Expression and subcellular colocalization analysis of SVSP455 and its prey proteins
The recombinant plasmid (pcDNA3.1-SVSP455-Myc) was constructed by cloning SVSP455-Myc into the pcDNA3.1 vector after BamHI/XhoI digestion (Thermo Fisher Scientific; #FD0054 and #FD0694, respectively). The recombinant p3×Flag-CMV-prey genes plasmids were constructed by cloning the fragments of the prey genes into the p3×Flag-CMV vector at the HindIII/XbaI sites (Thermo Fisher Scientific; #FD0504 and #FD0684, respectively). The expression and subcellular localization of SVSP455 and its interacting proteins were examined by confocal microscopy. HEK293T cells were cultured on glass slides in the 6-well culture plates at an initial density of 5 × 105 cells/ml, following which the constructed plasmids carrying SVSP455 and its prey genes were transfected or cotransfected into the cells using Lipofectamine™ 3000 transfection reagent (Thermo Fisher Scientific; #L3000015) when the confluence rate of the cells reached 70–90%. After 24 h of transfection, the cells on the glass slides were washed, fixed, permeabilized and then blocked using the procedures described above. The cells were then stained with a rabbit anti-Myc tag monoclonal antibody (mAb) (Cell Signaling Technology, Danvers, MA, USA; #2278S) or an anti-Flag tag mAb derived from mouse (Sigma-Aldrich, St. Louis, MO, USA; #F1804) overnight at 4 °C. After the cells were washed with PBS three times, they were incubated with Alexa Fluor 594-conjugated donkey anti-rabbit or Alexa Fluor 488-conjugated goat anti-mouse secondary antibodies (Life Technologies, Thermo Fisher Scientific; #A21207 and #A11029, respectively) at a dilution of 1:1000 in PBS containing 3% BSA at RT for 1 h. Hoechst 33342 (Life Technologies, Thermo Fisher Scientific; #H3570) was used to label the nuclei followed by five washes with PBS. A confocal microscope (TCS; Leica Microsystems) was used to visualize the fluorescence with a 63× oil objective.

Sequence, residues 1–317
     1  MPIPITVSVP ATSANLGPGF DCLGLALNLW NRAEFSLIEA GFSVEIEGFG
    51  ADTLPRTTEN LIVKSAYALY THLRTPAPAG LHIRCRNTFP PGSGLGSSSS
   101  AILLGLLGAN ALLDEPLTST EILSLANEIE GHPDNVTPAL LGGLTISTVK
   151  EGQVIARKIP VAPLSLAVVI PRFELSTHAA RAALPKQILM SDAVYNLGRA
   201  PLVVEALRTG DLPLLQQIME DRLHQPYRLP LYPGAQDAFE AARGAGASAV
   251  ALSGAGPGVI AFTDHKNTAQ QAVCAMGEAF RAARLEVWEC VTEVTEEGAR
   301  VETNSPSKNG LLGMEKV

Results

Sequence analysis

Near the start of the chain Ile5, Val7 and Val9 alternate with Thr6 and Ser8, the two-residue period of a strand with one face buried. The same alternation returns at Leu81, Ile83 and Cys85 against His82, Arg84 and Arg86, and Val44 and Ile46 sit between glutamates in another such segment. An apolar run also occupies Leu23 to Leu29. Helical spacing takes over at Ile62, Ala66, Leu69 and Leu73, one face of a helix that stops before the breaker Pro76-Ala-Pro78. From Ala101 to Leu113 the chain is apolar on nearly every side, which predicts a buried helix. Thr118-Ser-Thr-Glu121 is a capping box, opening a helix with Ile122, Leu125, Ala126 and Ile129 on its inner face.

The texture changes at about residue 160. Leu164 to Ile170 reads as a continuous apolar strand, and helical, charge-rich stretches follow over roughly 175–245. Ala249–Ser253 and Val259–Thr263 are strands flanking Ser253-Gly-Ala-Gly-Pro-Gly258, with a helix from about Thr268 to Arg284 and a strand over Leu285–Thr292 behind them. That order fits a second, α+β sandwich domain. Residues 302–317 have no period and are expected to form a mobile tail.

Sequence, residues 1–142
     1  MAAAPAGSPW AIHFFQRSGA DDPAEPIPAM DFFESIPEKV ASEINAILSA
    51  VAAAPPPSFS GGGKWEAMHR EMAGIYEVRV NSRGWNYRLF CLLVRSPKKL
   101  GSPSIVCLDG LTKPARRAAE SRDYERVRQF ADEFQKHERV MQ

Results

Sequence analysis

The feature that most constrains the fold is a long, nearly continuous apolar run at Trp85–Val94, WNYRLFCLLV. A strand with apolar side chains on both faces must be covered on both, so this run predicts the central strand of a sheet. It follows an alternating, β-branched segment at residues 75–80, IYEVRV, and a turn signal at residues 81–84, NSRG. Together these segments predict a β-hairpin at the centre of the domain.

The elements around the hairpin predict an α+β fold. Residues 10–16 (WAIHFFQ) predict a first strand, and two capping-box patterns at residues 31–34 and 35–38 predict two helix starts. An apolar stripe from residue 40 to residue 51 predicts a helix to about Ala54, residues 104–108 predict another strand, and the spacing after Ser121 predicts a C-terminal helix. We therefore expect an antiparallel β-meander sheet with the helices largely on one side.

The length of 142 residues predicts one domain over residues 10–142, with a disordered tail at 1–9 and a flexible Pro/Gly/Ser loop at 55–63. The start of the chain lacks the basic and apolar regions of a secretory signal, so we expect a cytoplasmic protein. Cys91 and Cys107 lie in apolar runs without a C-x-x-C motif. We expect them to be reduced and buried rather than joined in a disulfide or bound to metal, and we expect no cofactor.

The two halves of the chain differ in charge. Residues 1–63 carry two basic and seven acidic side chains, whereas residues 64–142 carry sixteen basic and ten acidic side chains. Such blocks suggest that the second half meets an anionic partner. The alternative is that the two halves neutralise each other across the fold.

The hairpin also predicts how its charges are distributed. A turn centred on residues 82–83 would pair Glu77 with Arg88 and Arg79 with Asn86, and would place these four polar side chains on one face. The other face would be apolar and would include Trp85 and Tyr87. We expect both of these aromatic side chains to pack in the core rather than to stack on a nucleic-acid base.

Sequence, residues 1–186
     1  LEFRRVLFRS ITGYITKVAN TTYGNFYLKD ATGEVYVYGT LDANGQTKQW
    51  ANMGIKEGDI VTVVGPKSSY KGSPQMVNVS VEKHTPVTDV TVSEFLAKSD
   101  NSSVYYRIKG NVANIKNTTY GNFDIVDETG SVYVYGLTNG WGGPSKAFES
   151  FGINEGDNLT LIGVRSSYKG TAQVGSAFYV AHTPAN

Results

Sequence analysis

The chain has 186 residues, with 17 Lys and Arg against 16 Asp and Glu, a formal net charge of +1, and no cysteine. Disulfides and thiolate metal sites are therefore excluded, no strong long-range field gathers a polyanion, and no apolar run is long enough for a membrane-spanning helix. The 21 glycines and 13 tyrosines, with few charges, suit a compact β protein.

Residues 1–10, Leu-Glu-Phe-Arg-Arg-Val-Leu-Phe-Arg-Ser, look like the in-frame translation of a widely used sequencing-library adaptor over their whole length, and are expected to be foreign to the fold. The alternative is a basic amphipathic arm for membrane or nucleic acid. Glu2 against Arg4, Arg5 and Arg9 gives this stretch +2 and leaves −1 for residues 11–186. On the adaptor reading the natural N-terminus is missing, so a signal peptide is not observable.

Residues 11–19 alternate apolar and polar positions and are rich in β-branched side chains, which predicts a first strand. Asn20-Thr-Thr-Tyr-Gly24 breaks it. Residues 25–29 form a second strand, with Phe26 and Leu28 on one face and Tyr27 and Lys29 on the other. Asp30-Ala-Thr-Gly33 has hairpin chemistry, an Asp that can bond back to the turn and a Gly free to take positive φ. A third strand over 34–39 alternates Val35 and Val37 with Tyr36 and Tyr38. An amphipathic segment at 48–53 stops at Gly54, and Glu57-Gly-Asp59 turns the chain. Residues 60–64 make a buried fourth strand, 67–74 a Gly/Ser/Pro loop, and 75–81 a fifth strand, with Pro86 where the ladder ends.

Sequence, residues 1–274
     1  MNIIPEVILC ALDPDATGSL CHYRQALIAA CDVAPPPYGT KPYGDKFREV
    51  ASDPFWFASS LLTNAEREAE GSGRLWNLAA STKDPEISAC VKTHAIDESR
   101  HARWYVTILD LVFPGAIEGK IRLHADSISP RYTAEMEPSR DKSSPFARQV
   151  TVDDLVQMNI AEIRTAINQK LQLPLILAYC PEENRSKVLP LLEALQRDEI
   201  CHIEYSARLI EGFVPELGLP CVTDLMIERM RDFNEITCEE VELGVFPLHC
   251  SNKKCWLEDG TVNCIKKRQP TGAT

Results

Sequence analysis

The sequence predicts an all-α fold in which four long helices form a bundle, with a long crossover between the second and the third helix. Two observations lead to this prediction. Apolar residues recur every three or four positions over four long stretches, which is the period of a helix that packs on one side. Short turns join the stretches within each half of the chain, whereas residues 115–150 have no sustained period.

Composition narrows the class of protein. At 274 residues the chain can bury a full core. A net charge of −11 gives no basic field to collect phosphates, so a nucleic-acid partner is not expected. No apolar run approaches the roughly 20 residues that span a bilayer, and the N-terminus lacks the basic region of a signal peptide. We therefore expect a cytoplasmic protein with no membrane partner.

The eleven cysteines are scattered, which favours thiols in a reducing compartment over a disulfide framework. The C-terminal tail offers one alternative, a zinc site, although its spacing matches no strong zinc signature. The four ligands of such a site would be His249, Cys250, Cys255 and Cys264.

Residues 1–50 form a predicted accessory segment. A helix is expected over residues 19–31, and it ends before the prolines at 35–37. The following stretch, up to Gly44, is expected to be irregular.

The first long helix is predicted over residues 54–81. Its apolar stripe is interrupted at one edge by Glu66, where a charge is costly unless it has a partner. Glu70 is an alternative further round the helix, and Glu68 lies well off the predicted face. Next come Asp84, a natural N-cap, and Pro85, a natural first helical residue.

A co-immunoprecipitation (Co-IP) assay was performed to identify whether SVSP455 binds to the identified prey proteins. First, 2 × 106 HEK293T cells per dish were seeded into 10-cm-diameter cell culture dishes. Both the pcDNA3.1-SVSP455-Myc recombinant plasmid (10 µg) and p3×Flag-CMV-prey plasmids (10 µg) were cotransfected into the cells when the cell confluence rate was 70–90%. After 48 h of culture, the cells were collected and washed with PB, followed by lysing with 600 μl of IP/Lysis buffer containing phosphatase inhibitors (Roche; #4906845001) and protease inhibitors (Roche; #4693132001) on ice for 30 min. Cell lysates were centrifuged at 16,000 g for 10 min at 4 °C, and the supernatant was collected and used in the Co-IP experiment, which was performed with a mouse anti-Flag tag monoclonal antibody using a Pierce™ Co-Immunoprecipitation Kit (Thermo Fisher Scientific; #26149). At the same time, the empty plasmids (pcDNA3.1 and p3×FLAG-CMV) were cotransfected into HEK293T cells and used as the negative control. The eluted samples after Co-IP were used for western blotting. The target proteins were detected using rabbit anti-Myc tag and anti-Flag tag antibodies.
Bimolecular fluorescence complementation assay